Today's post is going to breakdown who it is we are talking about when it comes to English language learners, and also some possible misconceptions you might have when working with ELLs.
Students with Interrupted Formal Education. These are students who usually are coming from war-torn places and most likely are lacking foundational skills. It is crucial to provide emotional support as well as academics because of the difficult situations they are coming from. I've included below two great resources to learn more about supporting SIFE students in your school.
ELLs born outside the U.S.
Each year, the United States is receiving more and more families and students who are immigrating from another country. Although this number is increasing, immigrant students are actually a small number of our ELL students. The large percentage of our ELL students in the United States are born here.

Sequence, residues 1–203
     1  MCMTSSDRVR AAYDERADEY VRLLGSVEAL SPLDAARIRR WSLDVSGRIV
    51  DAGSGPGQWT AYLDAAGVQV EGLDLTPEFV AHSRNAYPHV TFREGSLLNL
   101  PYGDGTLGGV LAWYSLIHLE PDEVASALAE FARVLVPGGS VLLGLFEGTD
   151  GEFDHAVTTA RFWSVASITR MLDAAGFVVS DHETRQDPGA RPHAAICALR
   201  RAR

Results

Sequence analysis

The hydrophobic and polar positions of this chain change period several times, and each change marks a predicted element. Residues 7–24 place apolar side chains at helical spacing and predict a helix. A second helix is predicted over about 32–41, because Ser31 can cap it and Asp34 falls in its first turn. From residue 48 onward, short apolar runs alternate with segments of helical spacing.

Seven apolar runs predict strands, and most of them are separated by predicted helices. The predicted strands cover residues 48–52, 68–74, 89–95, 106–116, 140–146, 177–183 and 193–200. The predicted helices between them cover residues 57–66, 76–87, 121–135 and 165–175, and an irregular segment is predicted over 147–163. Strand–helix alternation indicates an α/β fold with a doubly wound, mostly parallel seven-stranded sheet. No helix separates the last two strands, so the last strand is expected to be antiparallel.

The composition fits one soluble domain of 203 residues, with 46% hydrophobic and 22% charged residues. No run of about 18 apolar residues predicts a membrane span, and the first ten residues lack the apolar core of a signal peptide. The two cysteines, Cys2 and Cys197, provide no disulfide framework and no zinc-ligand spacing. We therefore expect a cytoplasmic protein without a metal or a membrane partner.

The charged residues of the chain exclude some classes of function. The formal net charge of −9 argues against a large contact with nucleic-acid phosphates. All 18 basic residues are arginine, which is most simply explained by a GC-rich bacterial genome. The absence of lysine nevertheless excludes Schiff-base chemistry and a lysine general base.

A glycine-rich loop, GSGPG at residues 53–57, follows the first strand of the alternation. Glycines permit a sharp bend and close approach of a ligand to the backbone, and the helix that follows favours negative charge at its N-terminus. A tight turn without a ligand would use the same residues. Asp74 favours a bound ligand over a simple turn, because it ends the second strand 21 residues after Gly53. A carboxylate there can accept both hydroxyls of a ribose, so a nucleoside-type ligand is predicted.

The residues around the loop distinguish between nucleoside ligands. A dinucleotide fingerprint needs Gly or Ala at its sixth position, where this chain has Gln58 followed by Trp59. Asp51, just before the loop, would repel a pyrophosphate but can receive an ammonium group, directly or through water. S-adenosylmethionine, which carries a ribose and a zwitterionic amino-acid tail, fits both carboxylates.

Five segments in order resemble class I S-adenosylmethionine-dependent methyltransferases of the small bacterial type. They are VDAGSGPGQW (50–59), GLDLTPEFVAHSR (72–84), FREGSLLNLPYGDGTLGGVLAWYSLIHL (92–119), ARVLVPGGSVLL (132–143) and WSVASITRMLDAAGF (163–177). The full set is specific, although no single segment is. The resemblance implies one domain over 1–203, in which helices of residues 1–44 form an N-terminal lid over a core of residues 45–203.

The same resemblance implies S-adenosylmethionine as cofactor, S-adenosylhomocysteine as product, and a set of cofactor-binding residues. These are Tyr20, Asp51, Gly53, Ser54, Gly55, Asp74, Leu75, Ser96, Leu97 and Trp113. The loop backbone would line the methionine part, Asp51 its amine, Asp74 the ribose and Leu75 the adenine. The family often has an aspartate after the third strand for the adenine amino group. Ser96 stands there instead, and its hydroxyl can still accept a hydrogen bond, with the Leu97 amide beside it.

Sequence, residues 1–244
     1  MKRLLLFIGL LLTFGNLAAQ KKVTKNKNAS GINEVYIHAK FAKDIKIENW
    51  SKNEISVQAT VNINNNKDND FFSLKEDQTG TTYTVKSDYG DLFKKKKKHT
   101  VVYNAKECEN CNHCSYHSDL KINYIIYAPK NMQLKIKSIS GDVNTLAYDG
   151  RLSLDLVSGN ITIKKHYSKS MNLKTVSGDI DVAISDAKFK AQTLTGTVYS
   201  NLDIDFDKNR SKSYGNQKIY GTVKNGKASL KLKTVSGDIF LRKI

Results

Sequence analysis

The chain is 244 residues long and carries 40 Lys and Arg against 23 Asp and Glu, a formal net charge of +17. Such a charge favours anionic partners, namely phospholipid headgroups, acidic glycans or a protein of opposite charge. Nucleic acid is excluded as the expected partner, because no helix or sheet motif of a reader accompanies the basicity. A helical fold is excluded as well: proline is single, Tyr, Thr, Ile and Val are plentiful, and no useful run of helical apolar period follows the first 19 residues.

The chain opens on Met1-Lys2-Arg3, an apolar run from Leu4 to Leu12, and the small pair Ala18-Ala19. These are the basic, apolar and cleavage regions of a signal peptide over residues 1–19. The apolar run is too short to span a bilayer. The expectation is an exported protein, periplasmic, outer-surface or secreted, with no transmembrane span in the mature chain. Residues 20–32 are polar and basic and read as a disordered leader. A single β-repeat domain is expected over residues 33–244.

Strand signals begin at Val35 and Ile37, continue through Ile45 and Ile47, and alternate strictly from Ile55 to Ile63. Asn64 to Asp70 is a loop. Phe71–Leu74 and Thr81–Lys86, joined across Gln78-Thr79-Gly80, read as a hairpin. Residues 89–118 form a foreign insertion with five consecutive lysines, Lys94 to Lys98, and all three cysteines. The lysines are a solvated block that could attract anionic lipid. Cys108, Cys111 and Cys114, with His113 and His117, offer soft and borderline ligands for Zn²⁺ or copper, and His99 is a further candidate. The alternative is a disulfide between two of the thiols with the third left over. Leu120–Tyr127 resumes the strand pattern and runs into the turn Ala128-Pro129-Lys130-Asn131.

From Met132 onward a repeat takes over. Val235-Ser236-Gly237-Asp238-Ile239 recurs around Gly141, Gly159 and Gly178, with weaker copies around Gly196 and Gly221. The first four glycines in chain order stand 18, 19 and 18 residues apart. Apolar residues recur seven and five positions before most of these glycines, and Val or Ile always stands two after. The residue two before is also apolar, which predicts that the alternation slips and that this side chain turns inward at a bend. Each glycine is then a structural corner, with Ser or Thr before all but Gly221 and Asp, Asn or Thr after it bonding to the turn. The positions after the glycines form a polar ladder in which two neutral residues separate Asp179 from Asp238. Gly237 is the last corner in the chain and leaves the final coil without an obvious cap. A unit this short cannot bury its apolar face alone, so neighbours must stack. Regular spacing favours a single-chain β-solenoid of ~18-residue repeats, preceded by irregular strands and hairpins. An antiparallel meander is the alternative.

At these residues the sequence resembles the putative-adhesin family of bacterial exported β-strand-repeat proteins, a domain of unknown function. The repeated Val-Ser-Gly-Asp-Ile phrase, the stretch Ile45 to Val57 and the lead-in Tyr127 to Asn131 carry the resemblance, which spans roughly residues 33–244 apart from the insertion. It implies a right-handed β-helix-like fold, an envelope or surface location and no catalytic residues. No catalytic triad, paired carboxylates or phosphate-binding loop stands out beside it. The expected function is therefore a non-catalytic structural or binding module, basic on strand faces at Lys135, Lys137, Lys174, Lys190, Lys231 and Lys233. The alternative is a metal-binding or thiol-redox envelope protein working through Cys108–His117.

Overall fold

ELLs born in the U.S.
According to Colorin Colorado, 82 percent of pre-kindergarten to 5th grade ELL students and 62 percent of 6th to 12th grade ELL students are born in the U.S. (Zong and Batalova, 2015).
I believe this is worth mentioning because it might shift how you view the students you are working with. These students are the future of the United States, and you have the incredible privilege of teaching these students the skills to make our country a better place!
Along with giving you a quick rundown I want to share with you some insights I have observed because of my experience living abroad. Living abroad has opened my eyes to see a different culture, a different life, and a different way of doing things.
Here are 3 misconceptions I had before I lived abroad about ELLs, and how we can change them.
1. ELL students understand their families cultural traditions.